5 Pre-Diabetic Symptoms You Should Not Ignore
Today, unhealthy, inactive lifestyles have led to an increasing number of people showing pre-diabetic symptoms. Here are five things you must be wary of in order to avoid developing diabetes.
By Dr Pradeep Gadge
For some weeks, Reena Mistry has been suffering from fatigue and rapid weight loss. She has also been experiencing extreme thirst. Reena had attributed these symptoms to stress, her long working hours and irregular eating habits. So, when she finally consulted her family doctor, she got a jolt — he told her these could be pre-diabetic symptoms and that she has to overhaul her lifestyle and become healthier. If she did not do so, she could be at risk of developing diabetes, he warned.
According to the International Diabetes Federation (IDF) Atlas Eight Edition 2017, 425 million adults were living with diabetes in 2017. This number is expected to increase to around 642 million or, one in 10 adults, by 2040.
So, what is pre-diabetes?
‘Pre-diabetes’ is the term used for individuals with IFG (impaired fasting glucose) and indicates an increased risk for the future development of diabetes. These people have haemoglobin A1C (HbA1c) level between 5.7 and 6.4 per cent. Fasting blood sugars levels between 100 mg/dl (milligrams per deciliter) and 125mg/dl (milligrams per deciliter) means the person has an underlying condition called insulin resistance.
“If you are pre-diabetic, you need to check your blood sugar levels at least once in six months. The earlier it is is detected, the lower the risk of complications in future." — Dr Pradeep Gadge, Diabetologist
5 pre-diabetic symptoms you should not ignore
The exact cause of insulin resistance is not clear yet, but major contributing factors include excess weight (especially around the middle), and lack of physical activity.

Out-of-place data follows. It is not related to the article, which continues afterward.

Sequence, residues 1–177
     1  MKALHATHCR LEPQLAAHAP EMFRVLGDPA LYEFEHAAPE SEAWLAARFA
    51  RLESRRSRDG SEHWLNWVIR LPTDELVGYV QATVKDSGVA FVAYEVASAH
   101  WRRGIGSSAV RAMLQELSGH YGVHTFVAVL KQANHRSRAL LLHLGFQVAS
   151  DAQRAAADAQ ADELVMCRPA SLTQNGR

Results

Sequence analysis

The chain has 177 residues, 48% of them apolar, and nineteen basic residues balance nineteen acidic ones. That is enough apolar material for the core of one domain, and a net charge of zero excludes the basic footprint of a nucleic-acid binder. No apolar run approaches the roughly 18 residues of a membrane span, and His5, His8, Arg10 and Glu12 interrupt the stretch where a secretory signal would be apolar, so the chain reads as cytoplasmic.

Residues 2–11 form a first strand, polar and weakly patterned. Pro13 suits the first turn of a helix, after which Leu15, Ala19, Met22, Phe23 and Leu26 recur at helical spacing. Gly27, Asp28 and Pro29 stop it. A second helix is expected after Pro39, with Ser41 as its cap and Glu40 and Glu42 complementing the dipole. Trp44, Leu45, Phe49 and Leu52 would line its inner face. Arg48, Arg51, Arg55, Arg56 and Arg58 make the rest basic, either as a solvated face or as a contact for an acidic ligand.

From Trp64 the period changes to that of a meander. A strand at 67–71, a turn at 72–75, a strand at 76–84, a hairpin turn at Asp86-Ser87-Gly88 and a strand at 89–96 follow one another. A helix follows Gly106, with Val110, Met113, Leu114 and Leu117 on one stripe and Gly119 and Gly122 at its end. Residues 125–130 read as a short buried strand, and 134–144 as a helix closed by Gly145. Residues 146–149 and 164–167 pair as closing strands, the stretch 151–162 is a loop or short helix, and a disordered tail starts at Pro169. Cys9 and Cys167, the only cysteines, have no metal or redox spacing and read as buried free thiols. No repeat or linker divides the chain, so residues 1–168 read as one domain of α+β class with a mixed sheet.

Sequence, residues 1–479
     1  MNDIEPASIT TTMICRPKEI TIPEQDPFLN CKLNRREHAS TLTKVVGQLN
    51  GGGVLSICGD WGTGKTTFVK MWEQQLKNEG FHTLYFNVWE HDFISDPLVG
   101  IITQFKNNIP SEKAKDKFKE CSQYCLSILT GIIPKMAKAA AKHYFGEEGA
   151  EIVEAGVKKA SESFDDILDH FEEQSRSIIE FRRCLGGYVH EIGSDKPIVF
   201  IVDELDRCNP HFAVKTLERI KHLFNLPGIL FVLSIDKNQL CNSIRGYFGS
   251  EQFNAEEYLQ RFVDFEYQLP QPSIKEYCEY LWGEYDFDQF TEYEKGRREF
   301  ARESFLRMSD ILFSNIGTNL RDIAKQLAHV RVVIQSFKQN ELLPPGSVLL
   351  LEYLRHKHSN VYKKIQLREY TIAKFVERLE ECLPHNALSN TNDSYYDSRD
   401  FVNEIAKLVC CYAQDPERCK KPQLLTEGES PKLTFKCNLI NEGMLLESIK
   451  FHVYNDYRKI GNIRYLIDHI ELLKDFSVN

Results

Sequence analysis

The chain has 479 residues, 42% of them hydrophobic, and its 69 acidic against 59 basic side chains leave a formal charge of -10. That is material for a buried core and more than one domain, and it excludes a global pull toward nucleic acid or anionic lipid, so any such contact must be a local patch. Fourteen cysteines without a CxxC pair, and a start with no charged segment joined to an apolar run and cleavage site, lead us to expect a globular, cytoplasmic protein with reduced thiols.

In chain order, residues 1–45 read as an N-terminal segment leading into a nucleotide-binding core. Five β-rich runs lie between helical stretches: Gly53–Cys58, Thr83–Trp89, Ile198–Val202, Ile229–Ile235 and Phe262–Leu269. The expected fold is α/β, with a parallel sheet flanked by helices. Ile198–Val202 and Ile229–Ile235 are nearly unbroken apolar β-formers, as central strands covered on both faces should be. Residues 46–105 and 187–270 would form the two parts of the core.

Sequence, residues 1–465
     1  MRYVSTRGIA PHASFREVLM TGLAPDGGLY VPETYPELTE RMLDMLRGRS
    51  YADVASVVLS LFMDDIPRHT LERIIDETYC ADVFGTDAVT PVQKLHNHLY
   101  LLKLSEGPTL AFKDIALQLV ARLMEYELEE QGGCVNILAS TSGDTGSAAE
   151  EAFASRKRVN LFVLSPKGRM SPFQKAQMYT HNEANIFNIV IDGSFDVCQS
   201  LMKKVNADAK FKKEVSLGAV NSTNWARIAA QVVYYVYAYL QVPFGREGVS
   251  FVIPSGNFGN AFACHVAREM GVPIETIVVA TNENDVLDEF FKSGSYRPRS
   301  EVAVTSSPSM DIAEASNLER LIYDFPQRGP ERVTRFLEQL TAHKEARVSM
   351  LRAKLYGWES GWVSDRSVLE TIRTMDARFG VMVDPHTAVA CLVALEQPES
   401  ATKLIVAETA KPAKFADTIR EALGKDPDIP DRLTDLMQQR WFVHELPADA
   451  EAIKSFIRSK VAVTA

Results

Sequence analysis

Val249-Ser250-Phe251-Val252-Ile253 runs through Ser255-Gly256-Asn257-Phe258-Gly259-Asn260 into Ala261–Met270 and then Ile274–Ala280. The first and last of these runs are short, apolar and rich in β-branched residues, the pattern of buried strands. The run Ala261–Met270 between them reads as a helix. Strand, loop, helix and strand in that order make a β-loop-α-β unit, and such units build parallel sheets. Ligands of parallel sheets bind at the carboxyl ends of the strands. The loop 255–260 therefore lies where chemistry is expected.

So, here are the warning signs of pre-diabetes:
- Increased hunger and fatigue: If you have pre-diabetes symptoms, you may notice that you feel hungrier. Even after a meal, you may feel the urge to eat again. Fatigue is another symptom. You could be resting the whole day, without any physical activity but still feel tired and fatigued.
- Unexpected weight loss: In people with pre-diabetes, insufficient insulin prevents the body from getting glucose from the blood into the body's cells to use as energy. When this occurs, your body starts burning fat and muscle for energy, causing a reduction in overall weight. Hence, unexpected weight loss is often noticed prior to a diagnosis of type 2 diabetes.
- Increased thirst: Pre-diabetic people have excessive thirst (also called polydipsia) and increased urination (also known as polyuria). This is because when excess sugar (glucose) builds up in your blood, the kidneys are forced to work overtime to filter and absorb the excess sugar. If the kidneys can't keep up, the excess sugar is excreted into the urine, dragging along fluids from tissues. This triggers more frequent urination, which may leave you dehydrated. As you drink more fluids to quench your thirst, you urinate even more. This hits you like a double whammy — the dehydration from increased urination and the fact that the body is less able to use sugar for energy needs. In the long term, both hamper your body's ability to function properly.
- Skin darkening: Another sign of pre-diabetes is a condition called acanthosis nigricans — darkening of the skin in places such as the neck, armpits, elbows and knees.
- Bad sleep habits: If you have poor sleep habits and regularly sleep for less than six hours a night, then you are more likely to have pre-diabetes. This is because the lack of sleep causes havoc on blood sugar levels.
“Having pre-diabetes can increase your risk for type 2 diabetes, but you can take steps to keep your blood sugar within a healthy range, and possibly, even reverse the condition. Proper diet, exercise and awareness can make a difference, in the long run,” adds Dr Gadge.
Lifestyle changes may help battle the condition
Making certain changes to your lifestyle can help in the management of blood sugar levels. It is important to have healthy and balanced meals. This includes avoiding bakery/refined products, limiting the consumption of fried foods and adding sucralose in food preparation, instead of sugar. It is also better to have small and frequent meals.
For people with pre-diabetes or diabetes, exercise is very important. It helps in improving blood flow and maintaining a healthy weight. Losing weight can improve blood sugar as well as cholesterol levels and even, blood pressure. A brisk 30-minute walk is the best way to keep active, every day.
If you have been diagnosed with pre-diabetes, it is important to understand that it doesn't mean you already have diabetes. A simple lifestyle change can help delay, or even, reverse the onset of diabetes. In many cases, people with pre-diabetes have been able to achieve normal sugar levels through lifestyle modification. Therefore, it is important to ensure you control portion sizes at every meal. At the same time, do add more fibre-rich foods in your diet.
The author is a leading Diabetologist, Gadge Diabetes Centre.
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